Coming from some generic “Viral Life Hack” production house, the characteristic blare of background music, more suited to an underground rave than a technical video, certainly did not do it any favours. As any moderately experienced campaigner would know, modern televisions and remotes have been carefully engineered to prevent such mishaps. Many of us at Hackaday, were under the impression that it would take something slightly more sophisticated than a fluorescent-bodied lighter and a crisp sheet of A4 to deceive the system. So we tested it out. Our verdict? Unlikely, but not impossible. (And we’re pretty sure that the video is a fake either way.) But enough speculation, we’re here to do science.
Continue reading “HackBusting: Can You Fake A TV Remote With A Lighter And Some Paper?”
Cut slots into a piece of paper to represent the IR remote control bitstream for putting your TV into standby. Insert it between your TV’s IR receiver and the flame from a lighter, and pull the slots along to generate the coded pattern. Get it just right and you have a paper and lighter remote control. That’s just what [ViralVideoLab] did and you can see it in action in the video below.
Think of this as just the germ of an idea. Imagine how you’d automate this and extend it to include more commands. A wheel with the various bitstreams cut into the circumference comes to mind. A servo would turn the wheel to the desired command and something else would fire up the lighter just as the slots pass by. Now take it a little further. You already have a remote control with keypad and IR light. Hack that to talk to a microcontroller which would control the servo and the IR light. And there you go. A useless but fun hack (hint hint).
Continue reading “Faking TV Remote Control With Paper And A Lighter”
The cell phones of yesteryear were covered in buttons. Today’s cell phones are mostly a touch display with maybe one or two buttons. As time marches on, we find ourselves using our fingers more for gestures and swipes than button pushing to control our devices. Sadly, the television remote has been stuck in an antiquated state and most are still covered in archaic buttons.
[Frederick] has decided to dig the TV remote out from the stone age and updated it to use simple gestures for control. We’ve seen gesture control before, but this one is certainly the most elegant. He’s using a Raspberry Pi with a Skywriter HAT gesture recognition board. The driver is super easy to install and can be done in a single command line. The Skywriter hat interpreters the hand gesture and the Pi fires the appropriate signal via an IR emitter. This approach made the project fairly simple to put together, with surprisingly good results.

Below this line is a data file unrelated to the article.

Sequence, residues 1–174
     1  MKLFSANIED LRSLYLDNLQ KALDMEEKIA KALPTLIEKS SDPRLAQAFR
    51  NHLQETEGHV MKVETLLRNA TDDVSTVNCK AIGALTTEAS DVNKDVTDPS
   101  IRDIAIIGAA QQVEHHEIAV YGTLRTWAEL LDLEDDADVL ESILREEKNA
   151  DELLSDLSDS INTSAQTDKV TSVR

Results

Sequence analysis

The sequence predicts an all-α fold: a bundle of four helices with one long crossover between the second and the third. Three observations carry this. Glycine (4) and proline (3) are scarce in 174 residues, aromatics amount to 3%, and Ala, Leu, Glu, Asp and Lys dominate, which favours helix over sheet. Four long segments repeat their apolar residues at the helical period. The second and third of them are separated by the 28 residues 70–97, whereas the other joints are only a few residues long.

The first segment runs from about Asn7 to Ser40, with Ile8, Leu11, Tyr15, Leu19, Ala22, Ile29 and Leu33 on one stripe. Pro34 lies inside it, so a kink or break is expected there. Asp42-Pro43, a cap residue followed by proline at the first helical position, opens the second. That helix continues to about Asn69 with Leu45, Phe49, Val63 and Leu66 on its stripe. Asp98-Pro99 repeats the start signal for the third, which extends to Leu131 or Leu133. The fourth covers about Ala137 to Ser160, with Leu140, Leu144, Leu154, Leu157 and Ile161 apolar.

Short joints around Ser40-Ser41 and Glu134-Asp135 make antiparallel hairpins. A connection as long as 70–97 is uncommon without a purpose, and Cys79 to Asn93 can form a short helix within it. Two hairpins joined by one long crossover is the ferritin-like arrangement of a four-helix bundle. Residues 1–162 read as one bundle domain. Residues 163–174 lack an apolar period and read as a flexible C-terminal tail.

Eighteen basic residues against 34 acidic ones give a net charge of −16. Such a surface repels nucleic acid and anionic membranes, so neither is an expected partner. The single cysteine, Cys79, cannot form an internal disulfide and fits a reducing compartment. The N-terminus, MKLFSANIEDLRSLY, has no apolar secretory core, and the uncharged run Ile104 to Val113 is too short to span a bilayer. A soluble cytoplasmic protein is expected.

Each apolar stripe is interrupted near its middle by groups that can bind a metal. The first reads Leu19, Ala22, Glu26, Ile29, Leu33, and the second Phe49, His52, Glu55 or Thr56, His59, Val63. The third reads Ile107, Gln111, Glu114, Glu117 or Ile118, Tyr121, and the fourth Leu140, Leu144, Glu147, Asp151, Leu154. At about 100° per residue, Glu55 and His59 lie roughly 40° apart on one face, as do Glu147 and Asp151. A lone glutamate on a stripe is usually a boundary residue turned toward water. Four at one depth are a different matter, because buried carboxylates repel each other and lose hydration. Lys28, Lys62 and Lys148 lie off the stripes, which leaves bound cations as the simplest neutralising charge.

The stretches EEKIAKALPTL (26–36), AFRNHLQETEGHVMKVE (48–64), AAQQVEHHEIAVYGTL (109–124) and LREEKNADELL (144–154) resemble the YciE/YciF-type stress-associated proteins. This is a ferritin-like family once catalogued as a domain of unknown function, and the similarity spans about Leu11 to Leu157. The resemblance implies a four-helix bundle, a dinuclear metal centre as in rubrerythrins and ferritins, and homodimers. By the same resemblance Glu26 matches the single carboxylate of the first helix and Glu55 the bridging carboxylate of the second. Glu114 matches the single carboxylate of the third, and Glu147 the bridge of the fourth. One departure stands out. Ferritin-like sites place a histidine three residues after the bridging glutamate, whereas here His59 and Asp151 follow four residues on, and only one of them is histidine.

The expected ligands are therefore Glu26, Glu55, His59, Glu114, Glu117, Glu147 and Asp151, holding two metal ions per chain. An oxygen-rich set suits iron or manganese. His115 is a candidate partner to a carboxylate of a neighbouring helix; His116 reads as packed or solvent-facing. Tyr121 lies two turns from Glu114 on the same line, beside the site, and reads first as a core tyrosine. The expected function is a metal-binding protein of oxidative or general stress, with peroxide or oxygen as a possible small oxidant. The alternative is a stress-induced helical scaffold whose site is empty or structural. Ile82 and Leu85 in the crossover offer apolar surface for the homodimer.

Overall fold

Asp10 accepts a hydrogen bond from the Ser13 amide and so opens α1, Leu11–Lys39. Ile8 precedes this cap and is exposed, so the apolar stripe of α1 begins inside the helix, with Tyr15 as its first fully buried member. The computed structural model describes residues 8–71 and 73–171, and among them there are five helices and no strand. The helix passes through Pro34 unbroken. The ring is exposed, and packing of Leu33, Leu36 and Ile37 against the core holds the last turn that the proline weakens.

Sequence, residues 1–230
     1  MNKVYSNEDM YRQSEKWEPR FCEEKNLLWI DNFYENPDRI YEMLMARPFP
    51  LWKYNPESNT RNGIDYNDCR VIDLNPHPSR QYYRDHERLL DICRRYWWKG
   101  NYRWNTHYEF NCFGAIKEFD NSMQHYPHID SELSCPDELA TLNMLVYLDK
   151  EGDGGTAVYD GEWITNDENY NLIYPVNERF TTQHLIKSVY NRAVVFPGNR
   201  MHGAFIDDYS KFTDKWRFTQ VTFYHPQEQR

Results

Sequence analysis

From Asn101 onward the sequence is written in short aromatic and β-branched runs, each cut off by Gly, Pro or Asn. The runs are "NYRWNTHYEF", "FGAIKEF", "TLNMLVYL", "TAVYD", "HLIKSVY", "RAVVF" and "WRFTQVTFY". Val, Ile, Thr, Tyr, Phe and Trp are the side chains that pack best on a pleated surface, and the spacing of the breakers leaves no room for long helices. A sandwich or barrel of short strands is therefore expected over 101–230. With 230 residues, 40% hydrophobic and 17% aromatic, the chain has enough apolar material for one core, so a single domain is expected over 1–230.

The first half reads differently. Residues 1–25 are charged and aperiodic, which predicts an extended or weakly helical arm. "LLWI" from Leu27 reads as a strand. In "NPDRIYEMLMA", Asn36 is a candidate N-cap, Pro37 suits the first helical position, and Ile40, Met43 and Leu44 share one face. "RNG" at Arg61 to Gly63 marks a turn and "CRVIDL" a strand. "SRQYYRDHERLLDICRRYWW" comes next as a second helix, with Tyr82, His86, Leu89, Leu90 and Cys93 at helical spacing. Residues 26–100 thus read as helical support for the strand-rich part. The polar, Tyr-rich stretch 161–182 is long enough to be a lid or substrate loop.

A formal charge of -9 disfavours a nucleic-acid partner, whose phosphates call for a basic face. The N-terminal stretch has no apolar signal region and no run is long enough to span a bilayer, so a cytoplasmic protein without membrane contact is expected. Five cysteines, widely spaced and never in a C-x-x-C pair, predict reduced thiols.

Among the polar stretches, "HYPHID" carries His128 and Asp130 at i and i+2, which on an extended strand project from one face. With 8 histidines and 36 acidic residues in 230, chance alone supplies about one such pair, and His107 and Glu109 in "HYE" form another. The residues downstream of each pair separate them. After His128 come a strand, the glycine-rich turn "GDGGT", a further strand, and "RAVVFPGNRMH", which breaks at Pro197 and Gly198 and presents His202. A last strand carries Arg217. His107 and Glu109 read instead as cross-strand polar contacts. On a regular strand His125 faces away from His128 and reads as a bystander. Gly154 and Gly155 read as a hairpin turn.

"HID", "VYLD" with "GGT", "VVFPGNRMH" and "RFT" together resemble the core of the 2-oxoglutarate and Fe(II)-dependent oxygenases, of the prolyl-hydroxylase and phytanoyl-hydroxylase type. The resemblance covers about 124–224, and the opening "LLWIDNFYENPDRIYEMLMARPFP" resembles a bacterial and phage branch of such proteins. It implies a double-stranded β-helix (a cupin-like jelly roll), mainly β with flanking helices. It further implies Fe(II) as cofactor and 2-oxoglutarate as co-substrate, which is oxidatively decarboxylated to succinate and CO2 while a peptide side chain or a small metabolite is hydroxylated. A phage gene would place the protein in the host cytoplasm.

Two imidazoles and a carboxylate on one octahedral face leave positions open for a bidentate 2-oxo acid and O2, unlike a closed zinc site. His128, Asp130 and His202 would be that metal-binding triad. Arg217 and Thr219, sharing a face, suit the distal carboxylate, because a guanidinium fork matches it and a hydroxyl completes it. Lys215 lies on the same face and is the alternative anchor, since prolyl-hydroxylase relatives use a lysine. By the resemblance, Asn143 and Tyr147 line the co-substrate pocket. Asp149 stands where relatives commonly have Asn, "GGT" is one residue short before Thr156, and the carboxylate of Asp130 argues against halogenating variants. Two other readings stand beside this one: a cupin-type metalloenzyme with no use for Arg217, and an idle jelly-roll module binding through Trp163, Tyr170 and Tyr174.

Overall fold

Be sure to check out his blog for all code needed, and take a look at the video below to see the remote in action.
Continue reading “TV Control With Hand Gestures”
When we wave our hands at the TV, it doesn’t do anything. You can change that, though, with an ARM processor and a handful of sensors. You can see a video of the project in action below. [Samuele Jackson], [Tue Tran], and [Carden Bagwell] used a gesture sensor, a SONAR sensor, an IR LED, and an IR receiver along with an mBed-enabled ARM processor to do the job.
The receiver allows the device to load IR commands from an existing remote so that the gesture remote will work with most setups. The mBed libraries handle communication with the sensors and the universal remote function. It also provides a simple real-time operating system. That leaves just some simple logic in main.cpp, which is under 250 lines of source code.
Continue reading “ARM-Based Gesture Remote Control”
[Hari Wiguna’s] father is ninety years young. He started having trouble pushing the buttons on his TV remote, so [Hari] decided to build a custom remote that just has the buttons his dad needs. Oh, and the buttons are big.
There are a few interesting things about this project. [Hari] wanted to maximize battery life, so he went through a good bit of effort to keep the processor asleep and minimize power consumption. The remote is programmable, but [Hari] didn’t have access to his dad’s remotes. His answer was elegant. He used his Android phone to mimic the required remotes and provided a way for the remote to learn from another remote (in this case, the phone).
Continue reading “Just Don’t Call It An Old Remote”